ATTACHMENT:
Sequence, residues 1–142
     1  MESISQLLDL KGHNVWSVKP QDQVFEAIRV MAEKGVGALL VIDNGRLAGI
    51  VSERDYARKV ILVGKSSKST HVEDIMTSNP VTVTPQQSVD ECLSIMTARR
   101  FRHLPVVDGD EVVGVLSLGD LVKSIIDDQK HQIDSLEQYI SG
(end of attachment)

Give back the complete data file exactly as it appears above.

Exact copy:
Sequence, residues 1–142
     1  MESISQLLDL KGHNVWSVKP QDQVFEAIRV MAEKGVGALL VIDNGRLAGI
    51  VSERDYARKV ILVGKSSKST HVEDIMTSNP VTVTPQQSVD ECLSIMTARR
   101  FRHLPVVDGD EVVGVLSLGD LVKSIIDDQK HQIDSLEQYI SG